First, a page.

In my interpretation of the Tempest as the "Rest of the Holy Family on the Flight into Egypt," I identified the nude Woman nursing her infant as the Madonna, and the colorfully dressed man on the side as St. Joseph watching over his family. I explained the nudity of the Woman as Giorgione's attempt to depict Mary as the Immaculate Conception. In offering this interpretation, I understood that there were many others but felt encouraged back in 2005 by the fact that there was no agreement on the subject of the famous painting. This year I have been revisiting my reviews of some of the other interpretations. Below is a review of an interpretation that finds the subject in Plato's Symposium.
In 2008 Regina Stefaniak published her interpretation of the Tempest based on her reading of Plato's Symposium. Despite her obvious erudition and exhaustive notes, Stefaniak’s interpretation is a torturous attempt to fit the pieces of the painting into a puzzle that only an art historian could imagine. Her paper, “On Founding Fathers and the Necessity of Place, Giorgione’s Tempesta,” appeared in Artibus and Historiae, (XXIX, No. 58, 2008, pp. 121-155).
Before we get into her thesis I would like to note a couple of points. One is immediately alerted by her description of the child in the painting when she calls it ”newly-born.” In another place she uses the term “post-partum” to describe the woman. A new born baby could never hold its head erect as does the nursing child in the Tempest. The child is obviously supporting itself while it nurses at the mother’s breast. Secondly, like some others she claims that the storm in the background is about to engulf the figures in the foreground, despite the laws of perspective that would place the storm miles away. She sees the winds of the storm blowing in the trees.
Next, she introduces the figure of Gabriele Vendramin, the owner of the painting when it was seen by Marcantonio Michiel in 1525, but doesn’t quite say that he was the original patron. Nevertheless, as her argument progresses it becomes clear that she assumes that Vendramin was the original patron, and by the end of her paper much of her thesis rests on that assumption. A good case can be made for Vendramin but there is no direct proof that he was the patron. We know that paintings were bought and sold and traded during this period. In his will Vendramin, himself, had to urge his executors not to break up or sell his collection.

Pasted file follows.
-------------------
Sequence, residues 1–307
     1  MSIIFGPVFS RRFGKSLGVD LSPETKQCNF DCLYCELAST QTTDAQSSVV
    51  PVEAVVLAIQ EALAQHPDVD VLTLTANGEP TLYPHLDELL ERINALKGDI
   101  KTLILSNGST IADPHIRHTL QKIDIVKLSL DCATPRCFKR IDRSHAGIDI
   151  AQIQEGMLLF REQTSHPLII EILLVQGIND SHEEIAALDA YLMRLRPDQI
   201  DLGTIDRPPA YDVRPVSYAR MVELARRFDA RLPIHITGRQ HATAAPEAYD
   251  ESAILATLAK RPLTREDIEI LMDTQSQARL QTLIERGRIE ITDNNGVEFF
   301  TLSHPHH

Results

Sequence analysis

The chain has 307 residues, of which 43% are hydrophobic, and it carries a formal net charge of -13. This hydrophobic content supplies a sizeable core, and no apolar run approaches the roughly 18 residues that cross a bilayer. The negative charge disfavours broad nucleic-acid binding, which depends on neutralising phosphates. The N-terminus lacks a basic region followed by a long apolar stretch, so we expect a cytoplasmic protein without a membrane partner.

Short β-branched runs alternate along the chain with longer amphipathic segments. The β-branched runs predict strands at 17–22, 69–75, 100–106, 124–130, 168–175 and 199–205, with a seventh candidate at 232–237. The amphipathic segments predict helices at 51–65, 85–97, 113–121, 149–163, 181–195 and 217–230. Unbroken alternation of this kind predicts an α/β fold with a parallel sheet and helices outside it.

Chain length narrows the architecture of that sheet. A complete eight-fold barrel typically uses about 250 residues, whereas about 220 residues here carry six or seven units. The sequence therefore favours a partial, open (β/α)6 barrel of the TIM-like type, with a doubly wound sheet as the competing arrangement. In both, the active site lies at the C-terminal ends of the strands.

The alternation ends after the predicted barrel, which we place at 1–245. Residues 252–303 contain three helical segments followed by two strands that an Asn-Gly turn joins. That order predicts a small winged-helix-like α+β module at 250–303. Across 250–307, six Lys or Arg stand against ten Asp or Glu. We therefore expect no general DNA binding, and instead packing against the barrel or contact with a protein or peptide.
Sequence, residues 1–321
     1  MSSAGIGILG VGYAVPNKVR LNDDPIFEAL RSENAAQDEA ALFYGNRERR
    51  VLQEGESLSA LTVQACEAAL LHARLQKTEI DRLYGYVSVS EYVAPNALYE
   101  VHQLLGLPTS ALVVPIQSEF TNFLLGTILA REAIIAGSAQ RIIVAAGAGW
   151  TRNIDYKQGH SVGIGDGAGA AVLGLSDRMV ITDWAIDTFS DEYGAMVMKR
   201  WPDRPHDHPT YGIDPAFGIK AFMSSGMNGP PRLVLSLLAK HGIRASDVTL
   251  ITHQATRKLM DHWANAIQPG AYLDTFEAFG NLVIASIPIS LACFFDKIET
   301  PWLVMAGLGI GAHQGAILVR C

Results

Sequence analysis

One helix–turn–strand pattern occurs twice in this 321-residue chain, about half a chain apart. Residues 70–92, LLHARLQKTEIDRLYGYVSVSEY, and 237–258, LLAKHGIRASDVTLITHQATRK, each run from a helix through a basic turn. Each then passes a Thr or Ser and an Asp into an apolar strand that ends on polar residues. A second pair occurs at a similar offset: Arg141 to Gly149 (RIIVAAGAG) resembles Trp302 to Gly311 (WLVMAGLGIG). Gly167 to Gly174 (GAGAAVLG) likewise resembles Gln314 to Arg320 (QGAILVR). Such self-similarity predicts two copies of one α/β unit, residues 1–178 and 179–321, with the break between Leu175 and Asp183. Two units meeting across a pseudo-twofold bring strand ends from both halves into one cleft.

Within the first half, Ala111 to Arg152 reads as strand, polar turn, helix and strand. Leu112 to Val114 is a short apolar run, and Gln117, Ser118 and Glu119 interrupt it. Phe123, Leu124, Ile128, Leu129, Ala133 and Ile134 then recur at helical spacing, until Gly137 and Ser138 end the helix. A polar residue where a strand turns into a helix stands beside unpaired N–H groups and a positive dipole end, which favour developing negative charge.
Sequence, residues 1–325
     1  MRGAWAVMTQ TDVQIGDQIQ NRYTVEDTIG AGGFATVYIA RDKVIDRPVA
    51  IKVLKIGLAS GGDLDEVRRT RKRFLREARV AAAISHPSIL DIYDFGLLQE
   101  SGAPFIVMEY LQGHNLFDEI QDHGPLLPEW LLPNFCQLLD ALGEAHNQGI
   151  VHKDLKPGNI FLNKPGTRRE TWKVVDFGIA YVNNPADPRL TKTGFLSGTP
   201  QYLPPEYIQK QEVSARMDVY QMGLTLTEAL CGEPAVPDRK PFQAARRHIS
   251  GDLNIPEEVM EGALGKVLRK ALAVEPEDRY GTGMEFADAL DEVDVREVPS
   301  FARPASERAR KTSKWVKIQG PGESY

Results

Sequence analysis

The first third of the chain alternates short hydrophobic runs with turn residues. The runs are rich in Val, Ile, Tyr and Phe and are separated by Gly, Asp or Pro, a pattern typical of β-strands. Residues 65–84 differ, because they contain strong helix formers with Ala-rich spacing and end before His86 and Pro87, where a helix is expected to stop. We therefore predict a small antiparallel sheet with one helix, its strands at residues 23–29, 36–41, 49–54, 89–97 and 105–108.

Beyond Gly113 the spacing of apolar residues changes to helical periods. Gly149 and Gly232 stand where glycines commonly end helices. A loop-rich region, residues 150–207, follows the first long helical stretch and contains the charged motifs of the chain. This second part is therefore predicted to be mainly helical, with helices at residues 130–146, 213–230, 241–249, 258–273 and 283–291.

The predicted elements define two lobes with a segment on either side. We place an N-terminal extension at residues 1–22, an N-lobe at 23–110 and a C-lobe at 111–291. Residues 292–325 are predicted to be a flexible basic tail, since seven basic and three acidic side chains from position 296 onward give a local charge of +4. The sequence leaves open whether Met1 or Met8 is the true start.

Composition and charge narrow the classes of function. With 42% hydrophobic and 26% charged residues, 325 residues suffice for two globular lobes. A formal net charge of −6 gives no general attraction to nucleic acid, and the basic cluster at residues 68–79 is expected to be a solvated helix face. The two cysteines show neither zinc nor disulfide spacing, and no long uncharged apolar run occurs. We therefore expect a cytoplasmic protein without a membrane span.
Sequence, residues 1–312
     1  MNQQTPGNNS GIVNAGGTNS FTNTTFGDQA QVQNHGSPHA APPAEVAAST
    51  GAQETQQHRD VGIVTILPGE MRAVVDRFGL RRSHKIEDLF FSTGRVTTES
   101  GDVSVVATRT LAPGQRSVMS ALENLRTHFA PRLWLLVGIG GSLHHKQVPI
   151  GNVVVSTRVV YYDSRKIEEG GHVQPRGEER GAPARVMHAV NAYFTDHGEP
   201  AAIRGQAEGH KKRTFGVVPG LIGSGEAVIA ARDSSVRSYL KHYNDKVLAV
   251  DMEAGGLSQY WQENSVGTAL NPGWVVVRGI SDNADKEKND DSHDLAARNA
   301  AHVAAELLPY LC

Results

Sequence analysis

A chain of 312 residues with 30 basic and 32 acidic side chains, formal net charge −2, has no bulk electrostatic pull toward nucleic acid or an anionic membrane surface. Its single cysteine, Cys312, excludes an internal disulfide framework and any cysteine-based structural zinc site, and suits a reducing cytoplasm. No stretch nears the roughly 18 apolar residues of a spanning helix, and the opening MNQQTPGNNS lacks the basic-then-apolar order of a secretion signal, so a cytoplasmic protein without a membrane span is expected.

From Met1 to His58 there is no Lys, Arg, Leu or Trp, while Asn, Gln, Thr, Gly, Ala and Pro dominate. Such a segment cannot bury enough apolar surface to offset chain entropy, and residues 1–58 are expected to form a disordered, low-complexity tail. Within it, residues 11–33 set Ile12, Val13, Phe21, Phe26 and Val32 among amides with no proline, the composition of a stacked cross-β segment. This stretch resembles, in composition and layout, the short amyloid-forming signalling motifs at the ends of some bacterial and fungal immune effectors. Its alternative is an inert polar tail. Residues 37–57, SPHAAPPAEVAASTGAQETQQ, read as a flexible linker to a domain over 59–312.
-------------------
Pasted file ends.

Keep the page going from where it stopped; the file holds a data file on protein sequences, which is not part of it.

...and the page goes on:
Speaking of Vendramin’s collection, a glance at Michiel’s notes shows that with the exception of a few contemporary portraits and the "little landscape" that we now call the Tempest, all the paintings and drawings were of sacred subjects, including a Flight into Egypt.
Let’s turn to her description of the painting. For Stefaniak the Man and the Woman represent Wealth and Poverty, a theme derived from a story in Plato’s Symposium. The story deals with the seduction of the drunken god of wealth, Poros, by the impoverished nymph, Poenia. The child of their union is Eros. The Man then is a Venetian patrician who appears as a kind of country gentleman: a shepherd who does not have to work, whose staff is not exactly a crozier, and who has no flock. The Woman is a kind of earth mother. Actually, it is impossible to do justice to all the intricacies of Stefaniak’s interpretation for even though she rightly critiques other theories, she winds up including many of them in her own complex presentation. Indeed, at one point she says that Giorgione must have had a humanist advisor in order to depict all the different levels of meaning. She also suggests that Vendramin must have been pleased to know that he was the only one who knew the real subject of the painting.
Stefaniak includes a discussion of the mysterious bathing woman that Giorgione painted over. However, like all the others who conjecture about this pentimento, she declines to discuss or even mention the other, pentimento; the little man on the bridge carrying a pilgrim’s staff and bundle. Is there a pilgrim in Plato? Finally, she omits to discuss the plant prominently placed in front of the nursing woman. What is it? Why is it there?
Finally, it is interesting to note that Stefaniak draws a comparison between the Tempest and Leonardo's Madonna of the Rocks. Although the latter painting was done for a chapel of the Immaculate Conception, she believes the depiction of the Madonna in an underground cave also derives from a passage in Plato. Actually, the subject of either version of the so-called Madonna of the Rocks is actually the Meeting of the Madonna and Child with the young John the Baptist on the Return from Egypt, a subject very popular at the time.